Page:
I used to be one of those who think that trail shoes are not necessary for running on trails; in
anyway; and just any ordinary running shoes will suffice. That was when most of my trail running was done at MacRitchie Reservoir. This year I have expanded my trail running from MacRitchie to various other trails and especially the Bukit Timah Nature Reserve and Central Catchment area. In these areas, the trails are more “technical”. Some places there are no trails. Just some flattened grass which passes for a trail. Then there are the roots, growing everywhere of various sizes and thickness and I swear placed there by some almighty guardian of the forest to trap us runners. On top of the roots, we have uneven grounds, broken up tarmac, puddles of water, mud, slime. Plus throw in some water crossing and running in such terrains inevitably creates havoc on the legs and body and the shoes. This was reinforced to me in real time when during a recent TNF trail run; a participant fell and sprained her ankle. I myself have fell 3 times in MacRitchie and stumbled many times in the trails but got away unscathed each time. The difference? I was wearing a trail shoes while she did not. Singapore
Road running shoes are designed for well, the road. Maybe in MacRitchie where the trail is so worn down by the many people trudging through it on a daily basis, wearing a pair of road running shoes could be sufficient. But try wearing a pair of road running shoes on a technical trail and the shoes wouldn’t last more than 3 runs. It will be ripped to pieces in no time as the sole and upper body is not designed for this type of environment and harsher than normal treatment. Furthermore, most road running shoes are not designed to drain away water and in the trails, there will be pool of waters, streams to cross and if the water doesn’t drain away; there will be lots of water sloshing inside the shoes.
Trail running shoes comes with toe box protection, different type of soles for better grip and traction on the various type of terrain, and usually has a breathable and water-drainable upper body. Most important of all, they are designed to protect the foot and ankle against small mishap such as ankle sprain, stubbing of the toes etc. And of course, they are designed to last longer on such terrains.
So what to look for in a pair of trail running shoes?
- There are trail shoes and there are trail shoes. Some are for hiking, some are for climbing and some are for running. Choose those for the intended activity and not a combo. Why? A combo tends to be heavier.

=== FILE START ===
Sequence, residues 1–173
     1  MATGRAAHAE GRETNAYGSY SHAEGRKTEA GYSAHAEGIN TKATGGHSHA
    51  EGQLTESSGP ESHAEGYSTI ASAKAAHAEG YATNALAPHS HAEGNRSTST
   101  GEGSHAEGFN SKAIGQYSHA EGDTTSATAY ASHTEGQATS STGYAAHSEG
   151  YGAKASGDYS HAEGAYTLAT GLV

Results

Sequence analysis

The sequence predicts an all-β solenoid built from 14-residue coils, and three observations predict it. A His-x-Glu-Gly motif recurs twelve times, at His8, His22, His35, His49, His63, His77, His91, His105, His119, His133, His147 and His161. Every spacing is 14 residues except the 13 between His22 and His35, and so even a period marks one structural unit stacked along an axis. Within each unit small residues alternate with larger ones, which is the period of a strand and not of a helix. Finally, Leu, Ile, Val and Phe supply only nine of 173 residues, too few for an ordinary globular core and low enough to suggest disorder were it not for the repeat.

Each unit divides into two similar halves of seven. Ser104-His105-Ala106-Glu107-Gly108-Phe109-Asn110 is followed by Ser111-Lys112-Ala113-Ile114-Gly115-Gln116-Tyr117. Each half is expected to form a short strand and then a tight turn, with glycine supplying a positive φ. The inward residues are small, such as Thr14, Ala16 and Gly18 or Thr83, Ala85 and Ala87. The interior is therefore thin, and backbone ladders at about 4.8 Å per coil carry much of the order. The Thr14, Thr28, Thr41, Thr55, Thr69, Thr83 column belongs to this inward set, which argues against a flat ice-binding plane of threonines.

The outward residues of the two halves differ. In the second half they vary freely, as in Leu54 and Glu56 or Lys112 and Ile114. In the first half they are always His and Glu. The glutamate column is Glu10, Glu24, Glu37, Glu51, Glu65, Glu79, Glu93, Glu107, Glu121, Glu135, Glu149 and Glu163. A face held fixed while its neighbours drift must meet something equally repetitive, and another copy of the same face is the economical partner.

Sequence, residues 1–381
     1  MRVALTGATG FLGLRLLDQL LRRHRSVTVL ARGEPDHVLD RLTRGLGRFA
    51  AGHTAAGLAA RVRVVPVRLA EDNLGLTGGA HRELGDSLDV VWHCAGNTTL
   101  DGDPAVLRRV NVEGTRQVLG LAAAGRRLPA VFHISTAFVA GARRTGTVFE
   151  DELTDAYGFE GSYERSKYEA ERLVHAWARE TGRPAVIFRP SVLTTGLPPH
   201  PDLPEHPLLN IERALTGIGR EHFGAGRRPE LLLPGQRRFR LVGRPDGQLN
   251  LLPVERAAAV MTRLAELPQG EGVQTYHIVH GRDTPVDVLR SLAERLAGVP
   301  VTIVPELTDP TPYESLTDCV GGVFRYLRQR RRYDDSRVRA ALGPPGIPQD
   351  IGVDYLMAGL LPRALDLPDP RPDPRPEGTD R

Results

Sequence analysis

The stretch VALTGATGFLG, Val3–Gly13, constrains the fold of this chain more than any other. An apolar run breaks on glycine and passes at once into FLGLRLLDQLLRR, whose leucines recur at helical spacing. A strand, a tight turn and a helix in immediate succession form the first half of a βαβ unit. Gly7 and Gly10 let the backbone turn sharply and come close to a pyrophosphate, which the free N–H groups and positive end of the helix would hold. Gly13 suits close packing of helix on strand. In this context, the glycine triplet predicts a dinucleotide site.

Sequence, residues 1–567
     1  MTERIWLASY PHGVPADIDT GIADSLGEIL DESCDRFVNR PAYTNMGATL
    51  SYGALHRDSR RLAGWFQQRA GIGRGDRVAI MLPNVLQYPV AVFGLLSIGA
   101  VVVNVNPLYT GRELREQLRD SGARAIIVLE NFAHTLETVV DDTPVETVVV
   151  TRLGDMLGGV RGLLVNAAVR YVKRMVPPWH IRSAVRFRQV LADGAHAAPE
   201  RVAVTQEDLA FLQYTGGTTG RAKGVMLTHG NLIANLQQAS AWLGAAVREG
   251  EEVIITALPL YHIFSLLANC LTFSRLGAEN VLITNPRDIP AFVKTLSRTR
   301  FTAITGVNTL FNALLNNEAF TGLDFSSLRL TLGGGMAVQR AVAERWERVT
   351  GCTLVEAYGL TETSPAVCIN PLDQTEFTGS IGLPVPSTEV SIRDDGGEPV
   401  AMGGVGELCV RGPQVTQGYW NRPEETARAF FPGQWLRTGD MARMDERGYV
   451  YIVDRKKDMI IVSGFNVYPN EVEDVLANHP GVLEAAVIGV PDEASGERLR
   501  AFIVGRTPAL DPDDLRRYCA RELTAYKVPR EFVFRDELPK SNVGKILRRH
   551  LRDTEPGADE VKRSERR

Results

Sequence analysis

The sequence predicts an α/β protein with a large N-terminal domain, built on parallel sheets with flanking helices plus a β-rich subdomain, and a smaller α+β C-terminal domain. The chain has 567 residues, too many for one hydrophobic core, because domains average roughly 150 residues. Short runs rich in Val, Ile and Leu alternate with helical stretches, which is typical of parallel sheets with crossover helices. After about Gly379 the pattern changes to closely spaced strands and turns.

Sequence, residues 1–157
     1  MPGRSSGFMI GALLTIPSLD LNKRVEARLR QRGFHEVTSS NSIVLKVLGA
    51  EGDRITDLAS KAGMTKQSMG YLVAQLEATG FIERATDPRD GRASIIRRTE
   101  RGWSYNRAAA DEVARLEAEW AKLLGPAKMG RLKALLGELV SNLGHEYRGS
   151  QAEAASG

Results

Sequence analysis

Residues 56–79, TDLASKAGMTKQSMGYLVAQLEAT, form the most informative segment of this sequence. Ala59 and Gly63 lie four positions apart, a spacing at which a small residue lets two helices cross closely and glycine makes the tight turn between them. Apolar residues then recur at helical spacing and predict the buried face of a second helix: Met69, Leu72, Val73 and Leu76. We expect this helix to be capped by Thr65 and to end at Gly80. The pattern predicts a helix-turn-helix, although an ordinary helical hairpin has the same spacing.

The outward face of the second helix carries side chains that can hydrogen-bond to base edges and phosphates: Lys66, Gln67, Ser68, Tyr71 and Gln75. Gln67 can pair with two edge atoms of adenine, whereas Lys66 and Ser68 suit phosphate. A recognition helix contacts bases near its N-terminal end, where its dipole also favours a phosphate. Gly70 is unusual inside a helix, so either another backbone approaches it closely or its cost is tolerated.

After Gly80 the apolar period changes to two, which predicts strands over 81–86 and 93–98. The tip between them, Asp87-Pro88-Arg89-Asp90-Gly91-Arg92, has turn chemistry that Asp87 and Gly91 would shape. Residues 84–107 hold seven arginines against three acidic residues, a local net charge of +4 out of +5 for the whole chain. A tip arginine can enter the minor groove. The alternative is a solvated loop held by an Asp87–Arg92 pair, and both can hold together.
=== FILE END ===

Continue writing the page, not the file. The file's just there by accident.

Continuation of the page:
- Talking about weight. Trail shoes used to weigh a ton. Nowadays, with the onset of the minimalist movement, trails shoes are getting lighter and yet provide good support and protection. Get a light weight pair like the North Face Single Track. If you run far enough, the legs will inevitably get heavier and every reduced weight helps. The lighter weight will also helps if have to run on road which is inevitable in view of the size of our forest and the gahmen’s desire to ‘bring’ nature to the people.
- Make sure it is water-drainable not waterproof. Meaning water must be able to drain out fast. Waterproof is no good. No matter what, somehow water will still get in and if it is waterproof, the water will not be able to drain out. A good pair should be able to let the water drain out fast enough. Usually there are small holes along the side of the shoes for this purpose.
- Toebox protection. This is important to protect the toes when it kicks against rocks or roots.
- Ankle support. This ranks high on my list not least because I have weak ankle and without good ankle support, every twist and turns along the trails is a potential ankle sprain in waiting.
- Along with good ankle support is a good lacing system. This not only provide the necessary support to hold the feet and shoe together but help to keep out the small little pebbles and sands from getting into the shoes. And nothing is more irritating than having to keep on tying laces which comes undone ever so often.
- Finally, the sole. Some prefer thinner sole to feel the ground. Some prefer thicker sole for protection against protrusion. This is a matter of personal preference depending on whether one is into the minimalist trend or still on conventional shoes.